Who Turned Out the Lights?

As mentioned in my previous post I had the opportunity to go down to Oregon to see the total solar eclipse. It was well worth the trip down and the traffic up as seeing the entirety of the eclipse was very different than the 93% in Seattle or the 99% in Portland. Though stock was scarce I managed to get a solar filter for my camera and setup with a tripod and a telephoto lens to capture this astronomical oddity.

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Just after C1 first photo I was able to capture as I was formatting my camera card as first contact was made to make room for all the eclipse photos.

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About half an hour latter the moon is nearing the half way point. Around this time it starts getting noticeably cooler.

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Through the camera or eclipse glasses the sun is now a sliver behind the moon. Without the glasses the only noticeable change is that sun light seems dimmer. This is about as much of the eclipse would have been seen in Seattle.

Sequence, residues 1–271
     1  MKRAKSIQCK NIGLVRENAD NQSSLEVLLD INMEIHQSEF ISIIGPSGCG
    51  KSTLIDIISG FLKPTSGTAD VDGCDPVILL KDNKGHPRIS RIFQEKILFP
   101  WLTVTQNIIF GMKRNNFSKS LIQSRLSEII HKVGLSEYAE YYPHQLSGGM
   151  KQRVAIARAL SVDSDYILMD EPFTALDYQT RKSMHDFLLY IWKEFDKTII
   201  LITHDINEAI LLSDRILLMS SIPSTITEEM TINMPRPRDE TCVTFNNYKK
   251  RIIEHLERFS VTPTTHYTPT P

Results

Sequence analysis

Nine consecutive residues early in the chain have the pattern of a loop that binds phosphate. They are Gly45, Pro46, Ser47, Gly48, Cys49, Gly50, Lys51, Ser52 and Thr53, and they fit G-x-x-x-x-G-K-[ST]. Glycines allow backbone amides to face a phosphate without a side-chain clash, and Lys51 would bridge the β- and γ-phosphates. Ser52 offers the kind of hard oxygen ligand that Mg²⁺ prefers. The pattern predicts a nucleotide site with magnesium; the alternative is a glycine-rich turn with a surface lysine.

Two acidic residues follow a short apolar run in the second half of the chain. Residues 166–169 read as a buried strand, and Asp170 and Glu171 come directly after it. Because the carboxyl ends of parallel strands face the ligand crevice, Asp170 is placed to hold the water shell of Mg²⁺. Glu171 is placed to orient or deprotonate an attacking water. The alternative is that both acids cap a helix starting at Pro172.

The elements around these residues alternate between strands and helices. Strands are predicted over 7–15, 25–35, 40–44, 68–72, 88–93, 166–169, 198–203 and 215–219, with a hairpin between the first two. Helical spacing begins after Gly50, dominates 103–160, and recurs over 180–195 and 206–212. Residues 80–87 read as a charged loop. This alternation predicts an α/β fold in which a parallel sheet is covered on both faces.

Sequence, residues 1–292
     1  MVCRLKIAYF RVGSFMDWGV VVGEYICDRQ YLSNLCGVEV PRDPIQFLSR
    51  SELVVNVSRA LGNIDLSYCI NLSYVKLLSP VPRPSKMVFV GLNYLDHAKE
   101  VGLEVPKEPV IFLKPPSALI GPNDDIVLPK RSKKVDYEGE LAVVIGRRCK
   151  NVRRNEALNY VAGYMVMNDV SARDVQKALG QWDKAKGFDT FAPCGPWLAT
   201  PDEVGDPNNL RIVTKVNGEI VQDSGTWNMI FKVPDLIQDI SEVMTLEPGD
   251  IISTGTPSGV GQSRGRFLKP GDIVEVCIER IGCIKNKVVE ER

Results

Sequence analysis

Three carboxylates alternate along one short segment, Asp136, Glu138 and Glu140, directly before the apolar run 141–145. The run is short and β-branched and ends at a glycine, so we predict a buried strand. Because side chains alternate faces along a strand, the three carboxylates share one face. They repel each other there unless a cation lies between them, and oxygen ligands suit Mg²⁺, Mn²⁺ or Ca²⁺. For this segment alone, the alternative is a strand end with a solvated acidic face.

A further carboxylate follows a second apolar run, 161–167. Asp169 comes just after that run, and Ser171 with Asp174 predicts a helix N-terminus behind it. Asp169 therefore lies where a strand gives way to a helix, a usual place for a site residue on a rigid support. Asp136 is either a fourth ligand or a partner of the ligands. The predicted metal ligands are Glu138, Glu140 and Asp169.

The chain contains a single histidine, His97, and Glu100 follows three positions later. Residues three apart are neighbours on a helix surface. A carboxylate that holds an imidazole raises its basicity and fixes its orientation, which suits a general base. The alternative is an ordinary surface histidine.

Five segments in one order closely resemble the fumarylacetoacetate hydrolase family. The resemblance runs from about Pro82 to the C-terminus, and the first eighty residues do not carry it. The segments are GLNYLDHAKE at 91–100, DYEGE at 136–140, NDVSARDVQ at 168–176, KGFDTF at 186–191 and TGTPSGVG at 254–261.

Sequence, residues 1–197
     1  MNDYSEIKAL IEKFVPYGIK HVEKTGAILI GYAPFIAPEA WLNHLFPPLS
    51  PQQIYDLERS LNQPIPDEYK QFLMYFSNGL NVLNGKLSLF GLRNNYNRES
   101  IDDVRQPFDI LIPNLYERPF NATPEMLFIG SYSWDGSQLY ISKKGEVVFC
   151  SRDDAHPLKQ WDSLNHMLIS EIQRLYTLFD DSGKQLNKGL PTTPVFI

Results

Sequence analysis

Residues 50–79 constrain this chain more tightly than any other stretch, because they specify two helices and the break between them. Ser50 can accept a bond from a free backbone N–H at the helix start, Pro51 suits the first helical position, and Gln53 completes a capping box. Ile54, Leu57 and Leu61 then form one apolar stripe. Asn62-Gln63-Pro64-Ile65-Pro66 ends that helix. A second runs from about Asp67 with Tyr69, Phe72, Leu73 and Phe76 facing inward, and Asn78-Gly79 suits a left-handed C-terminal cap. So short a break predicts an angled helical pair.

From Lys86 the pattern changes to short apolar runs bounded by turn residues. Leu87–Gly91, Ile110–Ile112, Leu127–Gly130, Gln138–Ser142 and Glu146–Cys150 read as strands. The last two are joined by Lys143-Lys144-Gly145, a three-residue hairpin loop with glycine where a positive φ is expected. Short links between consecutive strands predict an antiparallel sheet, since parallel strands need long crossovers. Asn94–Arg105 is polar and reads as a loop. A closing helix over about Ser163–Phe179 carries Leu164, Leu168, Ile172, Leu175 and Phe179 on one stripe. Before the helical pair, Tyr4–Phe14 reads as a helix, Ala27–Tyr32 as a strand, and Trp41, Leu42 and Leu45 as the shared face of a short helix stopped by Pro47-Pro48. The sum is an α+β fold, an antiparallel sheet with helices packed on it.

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The sun gets smaller and smaller. This is about the extent of the eclipse that would have been seen from Portland.

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An interesting phenomenon know as Bailey’s Beads. The last rays of sunlight are sneaking through the mountains and valleys of the moon, making the appearance of a string of beads. 

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Totality. Now the glasses and solar filters can come off as the sun is completely eclipsed by the moon for 1 minute and 44 seconds. In the sky there is a black circle surrounded by white rays which is the sun corona, only visible to the human eye during a total eclipse. Stars are visible and the entire horizon looks like a sunrise. 

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As C3 passes the total eclipse ends I sneak a picture of the ‘Diamond Ring’ before putting the solar filter back on the camera. 

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The sun is back to being a sliver, and the entire process reverses its self. Around this point we did notice some light Shadow bands snaking across the ground.

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